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Old 06-18-2015, 05:21 PM   #11
KevinM
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Join Date: Jan 2008
Location: Massachusetts
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I'm not particularly good at shooting in the rain, but I have learned a thing or two. If the shutter speed is much more than 1/250th, the rain no longer looks nice and streaky. Instead, you see the individual raindrops, and there is not much to convey motion. It is akin to photographing a helicopter or turboprop aircraft at a high shutter speed. The resulting image just looks strange. Jacking the ISO and stopping down helps as well.

Rain and snow seldom look uniform, like the blurred noise depicted in the link that Mitch sent. Droplets or flakes closer to the lens will look quite different than ones that are farther away. As someone else pointed out, your ability to see them in the image depends upon where you look in the image. If you look at this one of mine, the rain is most apparent when the background is dark, such as the locomotive tender:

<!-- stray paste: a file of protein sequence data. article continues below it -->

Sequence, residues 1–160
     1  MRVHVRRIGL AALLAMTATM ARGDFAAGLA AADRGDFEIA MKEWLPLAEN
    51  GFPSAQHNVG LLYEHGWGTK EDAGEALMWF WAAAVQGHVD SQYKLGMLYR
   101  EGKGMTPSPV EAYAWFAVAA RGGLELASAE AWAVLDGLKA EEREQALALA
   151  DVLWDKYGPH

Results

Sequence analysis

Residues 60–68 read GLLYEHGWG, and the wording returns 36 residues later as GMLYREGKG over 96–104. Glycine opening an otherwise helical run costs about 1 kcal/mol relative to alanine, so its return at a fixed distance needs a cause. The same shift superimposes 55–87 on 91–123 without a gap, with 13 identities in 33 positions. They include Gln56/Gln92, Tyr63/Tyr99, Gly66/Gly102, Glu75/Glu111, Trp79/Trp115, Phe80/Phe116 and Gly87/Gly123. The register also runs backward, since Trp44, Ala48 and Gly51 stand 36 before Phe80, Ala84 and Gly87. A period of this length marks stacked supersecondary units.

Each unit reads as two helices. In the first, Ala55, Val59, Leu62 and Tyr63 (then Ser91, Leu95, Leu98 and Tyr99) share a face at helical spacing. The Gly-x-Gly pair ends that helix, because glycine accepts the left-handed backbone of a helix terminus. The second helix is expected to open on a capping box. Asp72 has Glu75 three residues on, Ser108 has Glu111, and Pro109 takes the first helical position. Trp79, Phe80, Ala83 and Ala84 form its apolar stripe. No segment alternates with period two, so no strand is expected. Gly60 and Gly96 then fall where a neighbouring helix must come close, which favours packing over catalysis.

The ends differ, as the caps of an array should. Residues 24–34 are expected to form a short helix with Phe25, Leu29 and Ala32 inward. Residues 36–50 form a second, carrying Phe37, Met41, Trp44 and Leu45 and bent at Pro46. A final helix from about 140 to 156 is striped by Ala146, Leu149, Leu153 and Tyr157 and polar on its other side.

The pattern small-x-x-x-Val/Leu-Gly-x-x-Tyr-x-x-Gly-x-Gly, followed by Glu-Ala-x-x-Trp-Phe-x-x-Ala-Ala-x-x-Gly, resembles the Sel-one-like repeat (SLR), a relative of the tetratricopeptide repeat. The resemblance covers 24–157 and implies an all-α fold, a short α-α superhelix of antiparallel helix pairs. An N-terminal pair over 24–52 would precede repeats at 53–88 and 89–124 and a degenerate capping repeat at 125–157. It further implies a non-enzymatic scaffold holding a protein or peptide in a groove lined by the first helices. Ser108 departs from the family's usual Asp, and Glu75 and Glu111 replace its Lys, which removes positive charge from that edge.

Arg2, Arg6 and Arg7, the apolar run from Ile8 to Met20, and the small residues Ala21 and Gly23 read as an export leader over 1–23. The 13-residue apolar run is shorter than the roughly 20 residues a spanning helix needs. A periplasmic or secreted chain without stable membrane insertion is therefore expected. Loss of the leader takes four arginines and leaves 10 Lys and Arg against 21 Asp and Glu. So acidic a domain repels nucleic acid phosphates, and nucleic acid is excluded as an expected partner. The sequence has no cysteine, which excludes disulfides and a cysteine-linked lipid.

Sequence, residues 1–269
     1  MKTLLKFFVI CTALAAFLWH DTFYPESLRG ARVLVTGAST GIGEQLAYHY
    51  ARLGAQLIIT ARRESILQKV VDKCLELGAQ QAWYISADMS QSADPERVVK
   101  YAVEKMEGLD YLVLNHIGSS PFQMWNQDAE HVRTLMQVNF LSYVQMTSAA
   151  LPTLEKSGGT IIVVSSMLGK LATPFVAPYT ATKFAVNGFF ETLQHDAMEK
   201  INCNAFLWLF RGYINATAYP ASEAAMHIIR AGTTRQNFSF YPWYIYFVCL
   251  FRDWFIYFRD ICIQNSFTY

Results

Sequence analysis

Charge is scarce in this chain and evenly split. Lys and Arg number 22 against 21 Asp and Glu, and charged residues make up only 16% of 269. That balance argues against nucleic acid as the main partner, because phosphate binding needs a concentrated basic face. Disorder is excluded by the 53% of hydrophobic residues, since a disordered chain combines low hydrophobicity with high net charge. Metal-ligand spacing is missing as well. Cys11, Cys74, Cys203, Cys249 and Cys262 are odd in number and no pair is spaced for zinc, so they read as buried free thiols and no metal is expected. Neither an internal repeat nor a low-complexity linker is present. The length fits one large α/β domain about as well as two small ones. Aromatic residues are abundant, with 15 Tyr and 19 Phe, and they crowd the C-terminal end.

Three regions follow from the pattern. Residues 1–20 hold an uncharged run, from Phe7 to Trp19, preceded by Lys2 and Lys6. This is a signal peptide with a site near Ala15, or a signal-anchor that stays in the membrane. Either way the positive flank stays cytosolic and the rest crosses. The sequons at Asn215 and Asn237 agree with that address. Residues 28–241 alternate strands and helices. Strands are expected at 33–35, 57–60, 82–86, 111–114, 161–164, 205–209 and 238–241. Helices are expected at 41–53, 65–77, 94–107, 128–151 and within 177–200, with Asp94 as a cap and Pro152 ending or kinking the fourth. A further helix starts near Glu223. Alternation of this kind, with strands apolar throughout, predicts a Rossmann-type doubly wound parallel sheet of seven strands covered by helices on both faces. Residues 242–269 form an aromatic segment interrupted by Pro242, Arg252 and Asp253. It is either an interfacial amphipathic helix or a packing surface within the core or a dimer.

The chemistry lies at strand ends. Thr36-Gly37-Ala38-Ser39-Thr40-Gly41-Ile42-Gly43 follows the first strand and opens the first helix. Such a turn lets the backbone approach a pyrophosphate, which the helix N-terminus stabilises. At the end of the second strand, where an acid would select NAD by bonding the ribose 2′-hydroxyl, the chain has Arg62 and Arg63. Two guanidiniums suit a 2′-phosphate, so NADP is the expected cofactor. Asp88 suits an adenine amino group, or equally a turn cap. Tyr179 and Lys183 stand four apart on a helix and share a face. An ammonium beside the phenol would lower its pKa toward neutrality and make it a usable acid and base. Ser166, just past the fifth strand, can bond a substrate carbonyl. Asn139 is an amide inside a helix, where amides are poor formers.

Image © Kevin Madore
PhotoID: 503816
Photograph © Kevin Madore

It is much harder to see in the lighter areas of the image. Headlights and well-lit smooth surfaces in the foreground will also highlight the rain streaks and the impact splashes that you would normally get in a "gully-washer."
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